Leaders and experts at the forefront of delivering education discussed how technology could act as a bridge to solving inequalities in learning opportunities for children globally
Speakers at the Future Education-Digital Summit looked at the relationship between digital technology and education and explored ways of improving the synergy between the two.
Stefania Giannini, UNESCO Assistant Director-General for Education, explained how technology accelerates innovation in education and can be a “bridge” to education for millions of children worldwide. She advocated embedding technological communication in educational curricula, as well as ensuring children have access to digital devices regardless of their social class.
This was a theme taken up by Ivica Susak, State Secretary at the Croatian Ministry of Science and Education, who underlined how access to quality education is not always uniform, being more difficult for students from lower socio-economic backgrounds and those in less developed regions. Rural, isolated areas tend to be the most vulnerable in terms of digital isolation and illiteracy.
However, socio-economic inequality and variance in accessibility to the internet and devices is just one of many digital divides. Cristina Colom, Director of Digital Future Society, spoke of how the development of digital skills can also be influenced – or hindered – by gender, age and language, with around half of all online content in English.
The Covid pandemic and the spread of digital learning have already started re-shaping education, with online course enrolment doubling in 2020 and rising a further 32% in 2021, according to Coursera. Meanwhile, there have also been significant shifts in the centre of educational gravity: The Times Higher Education rankings, for example, showed that in 2021, 32% of top universities were in Asia, up from 26% in 2016.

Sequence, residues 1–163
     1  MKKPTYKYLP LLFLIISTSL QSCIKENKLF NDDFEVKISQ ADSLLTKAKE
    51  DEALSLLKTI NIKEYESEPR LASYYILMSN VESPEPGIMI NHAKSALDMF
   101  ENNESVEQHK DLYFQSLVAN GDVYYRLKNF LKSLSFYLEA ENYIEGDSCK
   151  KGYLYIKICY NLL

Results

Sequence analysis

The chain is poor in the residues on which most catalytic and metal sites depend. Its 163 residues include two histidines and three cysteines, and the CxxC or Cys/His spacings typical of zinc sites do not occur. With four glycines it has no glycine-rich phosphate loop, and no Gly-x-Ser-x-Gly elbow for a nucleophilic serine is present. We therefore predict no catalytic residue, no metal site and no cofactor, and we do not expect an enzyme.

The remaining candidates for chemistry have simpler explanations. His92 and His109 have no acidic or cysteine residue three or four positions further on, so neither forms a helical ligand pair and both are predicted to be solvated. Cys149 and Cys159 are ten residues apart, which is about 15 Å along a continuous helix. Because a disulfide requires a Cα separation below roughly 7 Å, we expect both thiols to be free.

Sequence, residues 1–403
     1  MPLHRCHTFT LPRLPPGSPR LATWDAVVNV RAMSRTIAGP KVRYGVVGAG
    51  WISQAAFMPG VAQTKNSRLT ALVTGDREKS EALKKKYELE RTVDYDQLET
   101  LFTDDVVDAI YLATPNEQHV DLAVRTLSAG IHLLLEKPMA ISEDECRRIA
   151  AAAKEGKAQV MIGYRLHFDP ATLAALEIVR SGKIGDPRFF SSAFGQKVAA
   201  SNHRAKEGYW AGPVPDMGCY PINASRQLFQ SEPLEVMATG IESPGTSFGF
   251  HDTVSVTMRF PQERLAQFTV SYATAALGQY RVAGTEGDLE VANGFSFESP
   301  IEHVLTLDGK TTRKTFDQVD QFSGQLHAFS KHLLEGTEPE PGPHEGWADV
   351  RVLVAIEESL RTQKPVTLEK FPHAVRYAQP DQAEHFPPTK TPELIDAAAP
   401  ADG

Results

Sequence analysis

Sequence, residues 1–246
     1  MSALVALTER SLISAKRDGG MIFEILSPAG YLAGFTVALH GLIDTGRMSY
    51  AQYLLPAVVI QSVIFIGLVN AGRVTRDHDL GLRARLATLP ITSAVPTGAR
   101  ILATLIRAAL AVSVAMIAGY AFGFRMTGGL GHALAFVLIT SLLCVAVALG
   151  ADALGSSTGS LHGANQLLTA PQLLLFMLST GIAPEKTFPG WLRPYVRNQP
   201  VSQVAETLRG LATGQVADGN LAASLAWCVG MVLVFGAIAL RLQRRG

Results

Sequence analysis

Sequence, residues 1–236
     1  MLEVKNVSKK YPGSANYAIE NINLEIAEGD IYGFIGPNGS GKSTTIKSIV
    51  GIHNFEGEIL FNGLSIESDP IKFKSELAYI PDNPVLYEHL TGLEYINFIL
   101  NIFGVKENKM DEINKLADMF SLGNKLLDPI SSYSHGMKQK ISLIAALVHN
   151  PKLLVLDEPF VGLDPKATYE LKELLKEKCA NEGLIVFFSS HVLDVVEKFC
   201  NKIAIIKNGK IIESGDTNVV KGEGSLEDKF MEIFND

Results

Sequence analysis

Vincent Peng, Board Director and Senior Vice President of Huawei, spoke of the importance of cooperation between the private sector and universities. Qin Changwei, Secretary-General, National Commission for the People’s Republic of China for UNESCO, highlighted how this is already happening in China and the Middle East.
In Spain, 57% of the population has basic digital skills, just above the European target but below the European goal of 80% by 2030, according to Huawei. The company also found that 88% of firms consider re-skilling programmes “important” or “very important”.
Marc García Tamayo, Senior Manager of Workforce Advisory at EY, said their research showed that there is a mismatch between the demand for digital skills and the supply of digital talent available in Spain.
Among their key findings were the identification of a shortage of ICT profiles in the country and the urgent need to develop skills in areas such as data analytics, data science and robot process automation (RPA). Illustrating these concerns were statistics showing that, while 77% of companies feel they have the skills necessary to be competitive now, only 18% have the skills to be competitive over the next five years.
Recommendations drawn from this research included hiring professionals from similar sectors, with a similar technical base, to make re-skilling easier; providing counsellors from the digital world for children in schools, in particular female role models; and an overall modernisation of vocational training.
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